A group of veterans supporting Pennsylvania Senate hopeful John Fetterman (D) formally launched on Monday, calling out Republican candidate Mehmet Oz as “devoid of any principles” in a letter.
Veterans for Fetterman includes more than 100 veterans in Pennsylvania who have said they will be supporting the Democrat in the general election and attended campaign events for him. In their letter, they targeted Oz for pushing dubious claims and products as a doctor on television and for not doing more to support a veterans health care bill before it was passed by Congress.
“Not only did Oz look the other way while Republican Senator Pat Toomey obstructed passage of the bipartisan, common sense PACT Act — which guarantees health care for Veterans that have been exposed to toxic burn pits — to play politics with the health and wellbeing of millions of Combat Veterans, he wants to go further,” the letter from the group said.
The Senate passed legislation in early August, following the House’s vote, focused on giving veterans exposed to toxins expanded health coverage. Toomey noted that he was not against the goal of the bill itself but opposed how money was allocated for in the legislation.
Oz’s campaign told The Philadelphia Inquirer in August that he supported the bill.
“These veterans served our country and those who are sick deserve the best health care possible,” said Oz spokesperson Brittany Yanick.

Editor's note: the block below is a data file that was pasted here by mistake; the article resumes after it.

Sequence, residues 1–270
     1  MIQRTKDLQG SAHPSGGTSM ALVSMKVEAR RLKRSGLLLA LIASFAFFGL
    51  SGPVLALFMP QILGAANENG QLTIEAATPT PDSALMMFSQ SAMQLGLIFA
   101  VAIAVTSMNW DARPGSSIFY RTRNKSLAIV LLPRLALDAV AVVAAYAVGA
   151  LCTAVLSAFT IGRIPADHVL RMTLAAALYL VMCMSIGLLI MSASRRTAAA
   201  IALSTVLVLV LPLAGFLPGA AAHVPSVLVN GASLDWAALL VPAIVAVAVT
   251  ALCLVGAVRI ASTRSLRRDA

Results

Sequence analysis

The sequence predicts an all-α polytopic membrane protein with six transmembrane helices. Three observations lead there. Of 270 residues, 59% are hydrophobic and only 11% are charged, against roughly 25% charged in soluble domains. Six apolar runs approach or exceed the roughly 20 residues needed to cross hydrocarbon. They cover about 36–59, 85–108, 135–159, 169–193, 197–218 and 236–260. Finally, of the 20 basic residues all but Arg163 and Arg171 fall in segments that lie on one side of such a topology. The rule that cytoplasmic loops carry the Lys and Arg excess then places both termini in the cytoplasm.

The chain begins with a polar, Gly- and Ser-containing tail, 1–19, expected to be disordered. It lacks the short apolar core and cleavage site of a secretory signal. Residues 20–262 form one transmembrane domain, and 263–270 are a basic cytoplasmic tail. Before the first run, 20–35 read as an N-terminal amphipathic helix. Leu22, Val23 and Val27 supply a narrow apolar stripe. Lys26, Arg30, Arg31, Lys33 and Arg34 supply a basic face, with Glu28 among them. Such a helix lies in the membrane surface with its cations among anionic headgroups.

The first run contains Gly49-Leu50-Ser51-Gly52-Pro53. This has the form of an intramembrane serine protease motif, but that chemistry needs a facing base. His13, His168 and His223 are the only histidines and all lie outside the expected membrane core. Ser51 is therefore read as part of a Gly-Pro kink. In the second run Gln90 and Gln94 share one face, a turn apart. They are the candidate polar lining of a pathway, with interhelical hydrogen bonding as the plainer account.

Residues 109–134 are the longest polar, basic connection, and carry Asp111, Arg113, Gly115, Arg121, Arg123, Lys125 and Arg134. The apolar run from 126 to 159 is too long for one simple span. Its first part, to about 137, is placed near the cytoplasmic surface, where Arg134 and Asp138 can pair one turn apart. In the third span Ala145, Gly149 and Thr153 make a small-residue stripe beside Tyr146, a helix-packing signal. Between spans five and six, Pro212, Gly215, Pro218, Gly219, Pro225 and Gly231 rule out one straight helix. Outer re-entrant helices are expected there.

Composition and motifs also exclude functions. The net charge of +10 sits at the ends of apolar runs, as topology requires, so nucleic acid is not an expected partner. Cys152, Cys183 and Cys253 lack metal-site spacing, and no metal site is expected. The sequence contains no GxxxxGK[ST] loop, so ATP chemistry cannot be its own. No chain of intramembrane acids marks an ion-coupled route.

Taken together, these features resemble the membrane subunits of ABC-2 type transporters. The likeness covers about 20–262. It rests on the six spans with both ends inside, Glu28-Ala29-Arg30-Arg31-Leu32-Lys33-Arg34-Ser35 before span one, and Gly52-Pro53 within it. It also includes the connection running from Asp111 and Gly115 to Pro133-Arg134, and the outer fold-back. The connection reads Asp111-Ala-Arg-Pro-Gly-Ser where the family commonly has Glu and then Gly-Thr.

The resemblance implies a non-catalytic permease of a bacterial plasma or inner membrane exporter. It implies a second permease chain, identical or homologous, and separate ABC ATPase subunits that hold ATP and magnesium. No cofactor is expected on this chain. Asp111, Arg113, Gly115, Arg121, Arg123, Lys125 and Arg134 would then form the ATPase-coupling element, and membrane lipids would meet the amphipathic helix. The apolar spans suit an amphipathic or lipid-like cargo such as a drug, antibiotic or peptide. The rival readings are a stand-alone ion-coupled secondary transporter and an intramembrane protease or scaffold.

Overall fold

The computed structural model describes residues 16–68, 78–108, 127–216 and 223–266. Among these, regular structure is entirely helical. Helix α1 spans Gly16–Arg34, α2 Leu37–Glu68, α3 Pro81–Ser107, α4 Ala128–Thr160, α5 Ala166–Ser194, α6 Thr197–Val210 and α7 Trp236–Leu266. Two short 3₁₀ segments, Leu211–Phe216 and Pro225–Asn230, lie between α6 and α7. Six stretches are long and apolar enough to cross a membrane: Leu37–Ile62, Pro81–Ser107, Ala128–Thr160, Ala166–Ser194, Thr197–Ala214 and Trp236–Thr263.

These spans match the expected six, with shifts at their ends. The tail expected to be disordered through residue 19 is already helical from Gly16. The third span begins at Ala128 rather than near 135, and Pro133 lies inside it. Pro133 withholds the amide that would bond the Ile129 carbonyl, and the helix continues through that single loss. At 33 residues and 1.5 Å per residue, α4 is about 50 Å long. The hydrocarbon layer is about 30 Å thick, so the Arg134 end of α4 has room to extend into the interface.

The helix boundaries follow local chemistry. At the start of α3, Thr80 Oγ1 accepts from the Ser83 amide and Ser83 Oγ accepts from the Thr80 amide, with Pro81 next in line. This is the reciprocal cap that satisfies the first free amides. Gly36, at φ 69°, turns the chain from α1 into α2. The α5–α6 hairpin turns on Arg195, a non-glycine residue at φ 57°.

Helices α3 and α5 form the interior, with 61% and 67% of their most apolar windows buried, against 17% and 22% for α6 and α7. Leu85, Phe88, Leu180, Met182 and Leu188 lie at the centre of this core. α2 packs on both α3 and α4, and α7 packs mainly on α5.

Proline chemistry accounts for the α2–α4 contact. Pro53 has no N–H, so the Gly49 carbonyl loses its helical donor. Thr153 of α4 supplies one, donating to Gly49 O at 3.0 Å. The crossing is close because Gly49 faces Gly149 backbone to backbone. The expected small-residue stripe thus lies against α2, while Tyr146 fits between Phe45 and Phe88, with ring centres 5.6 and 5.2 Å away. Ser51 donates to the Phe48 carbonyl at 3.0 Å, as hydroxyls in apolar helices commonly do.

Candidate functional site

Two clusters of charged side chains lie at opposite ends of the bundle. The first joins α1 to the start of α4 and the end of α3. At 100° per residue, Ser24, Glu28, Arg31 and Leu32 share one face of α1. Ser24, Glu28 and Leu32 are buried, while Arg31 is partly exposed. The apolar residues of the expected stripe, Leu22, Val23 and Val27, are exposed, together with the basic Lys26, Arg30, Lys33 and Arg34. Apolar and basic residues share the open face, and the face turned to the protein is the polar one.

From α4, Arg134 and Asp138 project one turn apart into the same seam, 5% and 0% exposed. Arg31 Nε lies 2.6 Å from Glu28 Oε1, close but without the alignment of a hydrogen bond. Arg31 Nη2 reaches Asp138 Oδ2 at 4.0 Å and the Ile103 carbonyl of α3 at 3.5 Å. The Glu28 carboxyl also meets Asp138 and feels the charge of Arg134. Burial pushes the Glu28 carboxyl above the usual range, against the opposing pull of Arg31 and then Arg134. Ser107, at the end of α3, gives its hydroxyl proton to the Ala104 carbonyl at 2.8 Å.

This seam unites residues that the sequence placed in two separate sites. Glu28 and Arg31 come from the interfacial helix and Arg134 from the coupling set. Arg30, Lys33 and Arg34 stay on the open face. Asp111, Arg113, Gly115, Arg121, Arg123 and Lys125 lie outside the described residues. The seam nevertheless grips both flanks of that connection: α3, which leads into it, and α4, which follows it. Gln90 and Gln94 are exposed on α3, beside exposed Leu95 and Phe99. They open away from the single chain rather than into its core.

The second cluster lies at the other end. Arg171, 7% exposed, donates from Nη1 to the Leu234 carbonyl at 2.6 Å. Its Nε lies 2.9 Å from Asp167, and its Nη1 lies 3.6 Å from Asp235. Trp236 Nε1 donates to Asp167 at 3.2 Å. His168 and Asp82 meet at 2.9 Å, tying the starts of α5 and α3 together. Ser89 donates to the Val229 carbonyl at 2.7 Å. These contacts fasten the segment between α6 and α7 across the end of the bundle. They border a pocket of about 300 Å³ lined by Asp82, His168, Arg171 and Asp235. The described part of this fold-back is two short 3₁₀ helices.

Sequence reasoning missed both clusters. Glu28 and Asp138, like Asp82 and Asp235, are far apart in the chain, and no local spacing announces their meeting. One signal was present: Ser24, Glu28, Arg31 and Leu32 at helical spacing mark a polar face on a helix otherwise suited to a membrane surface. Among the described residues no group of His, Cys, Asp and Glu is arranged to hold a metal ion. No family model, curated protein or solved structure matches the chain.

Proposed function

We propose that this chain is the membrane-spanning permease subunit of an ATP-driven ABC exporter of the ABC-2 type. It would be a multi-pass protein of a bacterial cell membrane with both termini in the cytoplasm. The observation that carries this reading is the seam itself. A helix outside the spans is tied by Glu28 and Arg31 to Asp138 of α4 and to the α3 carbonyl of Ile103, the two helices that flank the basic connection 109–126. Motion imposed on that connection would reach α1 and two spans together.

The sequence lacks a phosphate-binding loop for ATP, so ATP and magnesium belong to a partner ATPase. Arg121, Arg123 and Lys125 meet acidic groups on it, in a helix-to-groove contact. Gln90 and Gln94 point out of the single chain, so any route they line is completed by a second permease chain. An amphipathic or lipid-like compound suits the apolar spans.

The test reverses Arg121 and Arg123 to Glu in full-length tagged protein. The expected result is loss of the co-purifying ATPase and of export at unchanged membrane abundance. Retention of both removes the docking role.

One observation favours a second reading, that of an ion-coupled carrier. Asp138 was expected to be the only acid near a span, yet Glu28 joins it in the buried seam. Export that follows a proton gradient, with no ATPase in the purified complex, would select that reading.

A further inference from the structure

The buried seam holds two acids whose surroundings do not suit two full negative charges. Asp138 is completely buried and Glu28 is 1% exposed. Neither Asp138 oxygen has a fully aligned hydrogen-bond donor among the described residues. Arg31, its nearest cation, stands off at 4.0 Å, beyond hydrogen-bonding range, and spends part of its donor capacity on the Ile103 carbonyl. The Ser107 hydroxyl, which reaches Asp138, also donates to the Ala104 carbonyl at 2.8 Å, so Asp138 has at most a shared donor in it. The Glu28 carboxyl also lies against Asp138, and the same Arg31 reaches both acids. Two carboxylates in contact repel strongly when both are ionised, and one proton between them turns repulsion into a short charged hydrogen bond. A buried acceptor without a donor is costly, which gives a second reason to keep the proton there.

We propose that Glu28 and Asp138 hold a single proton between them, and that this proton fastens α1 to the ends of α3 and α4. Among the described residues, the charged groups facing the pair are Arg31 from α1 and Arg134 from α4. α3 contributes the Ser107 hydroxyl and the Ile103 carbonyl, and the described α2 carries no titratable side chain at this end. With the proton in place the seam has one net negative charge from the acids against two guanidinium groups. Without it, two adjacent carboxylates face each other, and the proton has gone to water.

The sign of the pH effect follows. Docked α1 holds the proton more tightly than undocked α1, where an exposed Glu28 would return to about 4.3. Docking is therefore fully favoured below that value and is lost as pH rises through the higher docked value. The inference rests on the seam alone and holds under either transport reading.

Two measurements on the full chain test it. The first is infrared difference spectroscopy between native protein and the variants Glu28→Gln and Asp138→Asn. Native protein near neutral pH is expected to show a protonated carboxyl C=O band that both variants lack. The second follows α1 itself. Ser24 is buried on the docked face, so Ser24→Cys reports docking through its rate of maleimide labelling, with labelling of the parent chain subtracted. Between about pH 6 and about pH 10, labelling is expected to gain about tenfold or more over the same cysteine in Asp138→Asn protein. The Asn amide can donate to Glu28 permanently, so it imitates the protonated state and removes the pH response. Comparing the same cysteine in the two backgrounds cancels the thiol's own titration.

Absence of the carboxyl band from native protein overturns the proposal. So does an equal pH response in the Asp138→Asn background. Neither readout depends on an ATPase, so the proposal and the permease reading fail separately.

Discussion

Oz’s campaign website says that he once did his training at a VA hospital in Philadelphia. The veterans group criticized him for his apparent support of privatizing health care for veterans.
“Rather than working to improve our quality of care through the Department of Veterans Affairs’ Veterans Health Administration, which provides health care coverage to U.S. military veterans and free treatment for all service-related injuries Dr. Oz has advocated forcing Veterans to receive health care through private health exchanges,” the group wrote.
The group is likely referring to an interview he did with WESA earlier this year in which he said at one point on the subject of veterans, “I actually think they should get the same insurance I get if I’m serving in the U.S. Senate.”
Members of Congress pay for their health care coverage through a health insurance exchange under the Affordable Care Act, though those costs are subsidized by the government, according to NPR.
The formal announcement of the group’s launch and the letter come less than a month ahead of the November midterms. The Pennsylvania Senate seat has become one of the most closely watched races in the upper chamber this cycle.
Democrats see the Senate seat as a key pickup opportunity, as recent polling has shown the race tightening. A USA Today-Suffolk University poll released earlier this month, for example, showed Fetterman ahead of Oz at 46 percent to 40 percent respectively.
Jack Inacker, who served as an Air Force nuclear weapons system specialist and is a co-chair of Veterans for Fetterman, said that veterans “see Dr. Oz as an existential threat to their way of life and a path forward for the country.”
“John has been very vocal and open in the support of veterans across the board,” Inacker, also caucus chair for the Philadelphia Democratic Veterans Caucus, said, later adding that Fetterman “actually wants to get out there [and] improve the VA, and not sell it to the lowest bidder.”